The pro-democracy movement achieved early success in June with the suspension of the proposed bill that would have allowed the extradition of criminal suspects from Hong Kong to mainland China. This followed unprecedented peaceful demonstrations that brought up to two million people on the streets.
Since then, the UN has shown concerns over human rights violations, especially the use of unethical measures as pepper spray on protesters.
The organisation also said that the meeting would focus on the role played by China during the protests.
Flights operations resumed at Hong Kong's airport on Wednesday after two days of disruptions in the semi-autonomous Chinese city.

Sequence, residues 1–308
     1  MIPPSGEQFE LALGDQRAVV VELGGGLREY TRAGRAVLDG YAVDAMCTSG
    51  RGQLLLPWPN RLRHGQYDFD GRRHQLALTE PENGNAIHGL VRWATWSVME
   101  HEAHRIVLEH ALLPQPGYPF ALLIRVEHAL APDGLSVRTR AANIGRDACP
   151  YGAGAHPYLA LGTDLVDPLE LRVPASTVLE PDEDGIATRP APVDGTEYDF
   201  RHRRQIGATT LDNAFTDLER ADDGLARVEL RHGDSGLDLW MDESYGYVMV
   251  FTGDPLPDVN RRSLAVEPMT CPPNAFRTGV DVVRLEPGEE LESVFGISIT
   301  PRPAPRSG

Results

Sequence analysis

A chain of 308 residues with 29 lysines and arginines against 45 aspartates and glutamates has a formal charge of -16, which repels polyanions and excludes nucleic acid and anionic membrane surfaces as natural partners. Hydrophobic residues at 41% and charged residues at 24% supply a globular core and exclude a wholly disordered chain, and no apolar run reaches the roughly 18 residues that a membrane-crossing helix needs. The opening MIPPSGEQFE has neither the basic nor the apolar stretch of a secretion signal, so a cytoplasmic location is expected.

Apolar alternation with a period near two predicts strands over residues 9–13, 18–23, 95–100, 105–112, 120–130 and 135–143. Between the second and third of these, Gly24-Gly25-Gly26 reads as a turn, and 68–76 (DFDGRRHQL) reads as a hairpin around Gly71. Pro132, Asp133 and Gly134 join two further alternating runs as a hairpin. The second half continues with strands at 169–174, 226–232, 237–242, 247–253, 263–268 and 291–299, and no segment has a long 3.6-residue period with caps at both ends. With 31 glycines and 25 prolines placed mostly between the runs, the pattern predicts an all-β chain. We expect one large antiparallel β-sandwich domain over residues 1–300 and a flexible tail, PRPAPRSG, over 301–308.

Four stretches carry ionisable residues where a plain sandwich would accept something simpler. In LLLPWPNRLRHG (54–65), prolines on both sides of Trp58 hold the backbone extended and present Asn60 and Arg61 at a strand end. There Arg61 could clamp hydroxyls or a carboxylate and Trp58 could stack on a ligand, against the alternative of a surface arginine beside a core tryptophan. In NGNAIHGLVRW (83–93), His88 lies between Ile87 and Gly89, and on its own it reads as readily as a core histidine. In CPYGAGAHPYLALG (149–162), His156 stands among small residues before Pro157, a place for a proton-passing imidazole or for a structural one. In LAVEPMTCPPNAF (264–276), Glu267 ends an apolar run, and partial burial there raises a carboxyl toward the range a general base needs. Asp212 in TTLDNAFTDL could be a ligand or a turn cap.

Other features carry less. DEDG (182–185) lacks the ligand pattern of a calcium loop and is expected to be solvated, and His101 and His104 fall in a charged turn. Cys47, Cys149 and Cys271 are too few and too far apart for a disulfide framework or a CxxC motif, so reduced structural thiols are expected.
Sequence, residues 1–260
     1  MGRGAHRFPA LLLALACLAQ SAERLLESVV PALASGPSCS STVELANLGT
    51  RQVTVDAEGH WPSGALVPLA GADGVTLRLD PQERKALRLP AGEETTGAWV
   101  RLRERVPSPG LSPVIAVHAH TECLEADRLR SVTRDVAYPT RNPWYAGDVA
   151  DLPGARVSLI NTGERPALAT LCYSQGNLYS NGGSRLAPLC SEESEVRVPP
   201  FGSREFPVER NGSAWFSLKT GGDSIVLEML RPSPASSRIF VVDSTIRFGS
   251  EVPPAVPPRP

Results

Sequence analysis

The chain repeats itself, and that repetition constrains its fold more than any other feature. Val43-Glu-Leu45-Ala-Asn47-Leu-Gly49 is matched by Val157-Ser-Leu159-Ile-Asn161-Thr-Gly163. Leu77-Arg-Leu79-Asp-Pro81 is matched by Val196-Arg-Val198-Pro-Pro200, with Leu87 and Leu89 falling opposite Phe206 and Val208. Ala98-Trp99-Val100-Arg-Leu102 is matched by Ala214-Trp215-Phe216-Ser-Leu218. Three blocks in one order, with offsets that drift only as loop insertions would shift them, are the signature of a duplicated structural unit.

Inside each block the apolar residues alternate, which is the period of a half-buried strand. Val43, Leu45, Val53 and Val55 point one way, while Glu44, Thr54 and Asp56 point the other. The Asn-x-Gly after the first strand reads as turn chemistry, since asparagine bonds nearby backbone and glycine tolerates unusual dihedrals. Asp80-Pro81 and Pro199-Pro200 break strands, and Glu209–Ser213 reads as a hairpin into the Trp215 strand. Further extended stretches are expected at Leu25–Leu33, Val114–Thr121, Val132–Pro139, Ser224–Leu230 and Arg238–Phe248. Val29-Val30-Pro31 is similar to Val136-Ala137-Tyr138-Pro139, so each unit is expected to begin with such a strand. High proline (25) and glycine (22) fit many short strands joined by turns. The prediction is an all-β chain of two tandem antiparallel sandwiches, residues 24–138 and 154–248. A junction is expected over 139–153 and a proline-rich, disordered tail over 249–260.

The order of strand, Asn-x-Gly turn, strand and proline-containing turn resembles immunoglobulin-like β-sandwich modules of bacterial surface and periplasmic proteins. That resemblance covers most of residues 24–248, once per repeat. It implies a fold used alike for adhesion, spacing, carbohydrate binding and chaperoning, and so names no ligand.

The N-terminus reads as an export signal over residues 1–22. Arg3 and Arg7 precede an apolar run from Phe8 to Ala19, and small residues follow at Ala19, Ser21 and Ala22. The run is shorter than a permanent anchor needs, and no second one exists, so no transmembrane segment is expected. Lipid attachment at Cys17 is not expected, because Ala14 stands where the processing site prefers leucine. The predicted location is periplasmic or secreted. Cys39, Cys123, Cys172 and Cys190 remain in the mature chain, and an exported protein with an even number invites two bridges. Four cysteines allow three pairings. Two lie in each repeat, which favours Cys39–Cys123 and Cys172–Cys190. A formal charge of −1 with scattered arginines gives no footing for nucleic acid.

Some 100 flights were cancelled in the two days after some protesters camped in the airport's arrivals area a day after the demonstrations and frenzied mob violence.
On Tuesday, UN High Commissioner for Human Rights, Michelle Bachelet, urged Hong Kong authorities to exercise restraint and investigate evidence of its forces firing tear gas at protesters in ways banned by international law.
"Officials can be seen firing tear gas canisters into crowded, enclosed areas and directly at individual protesters on multiple occasions, creating a considerable risk of death or serious injury," Bachelet said in a statement.